By Aiswarya Lakshmi
More than 4 million barrels of Venezuelan crude oil and fuels are stuck in tankers in the Caribbean because Venezuela’s state-run oil firm cannot afford to pay for cleaning dirty tankers and port inspections, Reuters reports, quoting internal company reports and Reuters tanker tracking data.
According to PDVSA’s trade documents and Reuters shipping data, some dozen tankers full of barrels are being held back because the hulls have been soiled by crude, stemming from several oil leaks in the last year at key ports of Bajo Grande and Jose, which has resulted in delayed operations for loading and discharging.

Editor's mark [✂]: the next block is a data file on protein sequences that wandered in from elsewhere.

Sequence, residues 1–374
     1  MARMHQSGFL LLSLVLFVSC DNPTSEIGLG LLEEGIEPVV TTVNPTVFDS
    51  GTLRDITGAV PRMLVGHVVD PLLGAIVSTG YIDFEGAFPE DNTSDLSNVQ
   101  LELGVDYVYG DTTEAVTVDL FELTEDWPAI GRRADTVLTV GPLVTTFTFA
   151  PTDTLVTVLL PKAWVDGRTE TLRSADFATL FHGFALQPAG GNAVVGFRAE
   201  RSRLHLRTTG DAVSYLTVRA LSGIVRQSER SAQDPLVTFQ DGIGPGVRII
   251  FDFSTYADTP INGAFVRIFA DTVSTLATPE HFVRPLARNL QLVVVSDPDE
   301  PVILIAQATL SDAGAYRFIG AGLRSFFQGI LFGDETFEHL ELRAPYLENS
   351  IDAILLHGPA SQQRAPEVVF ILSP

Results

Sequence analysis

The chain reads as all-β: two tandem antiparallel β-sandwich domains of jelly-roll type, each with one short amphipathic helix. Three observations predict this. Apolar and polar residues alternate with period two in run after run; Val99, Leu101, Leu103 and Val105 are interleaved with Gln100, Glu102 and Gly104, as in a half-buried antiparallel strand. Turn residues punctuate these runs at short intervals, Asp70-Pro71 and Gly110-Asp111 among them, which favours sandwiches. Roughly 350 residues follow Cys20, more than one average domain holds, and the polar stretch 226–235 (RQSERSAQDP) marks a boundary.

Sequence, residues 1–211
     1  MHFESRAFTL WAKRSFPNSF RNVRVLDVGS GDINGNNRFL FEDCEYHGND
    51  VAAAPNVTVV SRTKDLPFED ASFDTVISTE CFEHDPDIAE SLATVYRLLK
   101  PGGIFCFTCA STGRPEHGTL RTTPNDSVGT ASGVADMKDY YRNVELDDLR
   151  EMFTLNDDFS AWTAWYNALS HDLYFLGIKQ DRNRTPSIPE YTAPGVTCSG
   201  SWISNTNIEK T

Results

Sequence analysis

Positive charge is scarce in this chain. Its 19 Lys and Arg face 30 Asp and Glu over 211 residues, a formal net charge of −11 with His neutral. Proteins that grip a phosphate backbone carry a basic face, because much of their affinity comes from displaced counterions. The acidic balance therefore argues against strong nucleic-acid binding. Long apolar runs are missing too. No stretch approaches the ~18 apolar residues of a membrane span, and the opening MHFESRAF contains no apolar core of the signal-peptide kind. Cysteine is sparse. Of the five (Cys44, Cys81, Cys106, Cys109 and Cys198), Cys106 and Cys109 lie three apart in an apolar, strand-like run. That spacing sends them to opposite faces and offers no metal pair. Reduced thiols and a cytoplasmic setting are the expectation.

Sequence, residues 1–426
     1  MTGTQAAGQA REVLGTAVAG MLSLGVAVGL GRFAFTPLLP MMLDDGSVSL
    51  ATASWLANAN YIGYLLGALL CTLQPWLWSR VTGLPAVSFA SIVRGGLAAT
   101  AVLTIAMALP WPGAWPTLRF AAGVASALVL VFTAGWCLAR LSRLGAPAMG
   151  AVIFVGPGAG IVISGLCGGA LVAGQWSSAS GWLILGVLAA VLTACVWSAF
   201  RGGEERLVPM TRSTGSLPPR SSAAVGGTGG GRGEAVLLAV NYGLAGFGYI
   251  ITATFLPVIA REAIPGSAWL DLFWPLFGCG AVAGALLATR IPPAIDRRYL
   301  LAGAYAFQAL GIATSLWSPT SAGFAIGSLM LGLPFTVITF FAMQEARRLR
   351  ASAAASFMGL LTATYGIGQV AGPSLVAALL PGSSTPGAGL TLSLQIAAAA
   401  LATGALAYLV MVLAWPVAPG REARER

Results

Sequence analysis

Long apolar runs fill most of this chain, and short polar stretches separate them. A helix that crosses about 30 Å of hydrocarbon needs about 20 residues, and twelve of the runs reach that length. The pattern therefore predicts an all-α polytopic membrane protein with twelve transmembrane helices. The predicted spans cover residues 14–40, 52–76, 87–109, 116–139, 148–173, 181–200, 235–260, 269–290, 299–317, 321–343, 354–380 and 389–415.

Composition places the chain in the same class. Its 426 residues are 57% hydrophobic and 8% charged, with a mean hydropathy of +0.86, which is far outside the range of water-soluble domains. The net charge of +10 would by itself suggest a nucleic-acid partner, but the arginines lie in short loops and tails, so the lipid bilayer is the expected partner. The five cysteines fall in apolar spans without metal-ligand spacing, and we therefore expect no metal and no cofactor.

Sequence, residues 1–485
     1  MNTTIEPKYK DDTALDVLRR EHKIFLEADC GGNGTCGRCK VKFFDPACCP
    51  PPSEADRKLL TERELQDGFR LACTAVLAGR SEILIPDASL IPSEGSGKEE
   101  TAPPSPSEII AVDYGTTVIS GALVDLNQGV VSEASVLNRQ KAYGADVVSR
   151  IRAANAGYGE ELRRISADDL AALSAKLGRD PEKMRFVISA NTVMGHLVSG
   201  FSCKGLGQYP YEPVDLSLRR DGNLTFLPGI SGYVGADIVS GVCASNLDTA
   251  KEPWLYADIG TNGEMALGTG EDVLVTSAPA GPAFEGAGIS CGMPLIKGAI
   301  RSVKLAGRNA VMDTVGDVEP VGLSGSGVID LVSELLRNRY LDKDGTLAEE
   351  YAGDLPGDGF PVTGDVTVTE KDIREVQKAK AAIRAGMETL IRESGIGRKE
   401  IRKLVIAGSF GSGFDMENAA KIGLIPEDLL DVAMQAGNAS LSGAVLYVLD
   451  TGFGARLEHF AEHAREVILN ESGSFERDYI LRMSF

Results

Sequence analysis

Since debt-laden PDVSA cannot afford to have the ships cleaned, they have to wait for weeks to navigate international waters, delaying shipments.
Dirty tankers are the latest of a litany of problems weighing on PDVSA, the source of most of Venezuela’s export revenue and critical to the government’s budget.
Oil production and exports are currently at lows not seen in more than two decades. PDVSA’s difficulty with paying creditors and service providers makes pulling itself out of that hole more onerous. That has contributed to a deep, years-long recession in the OPEC country.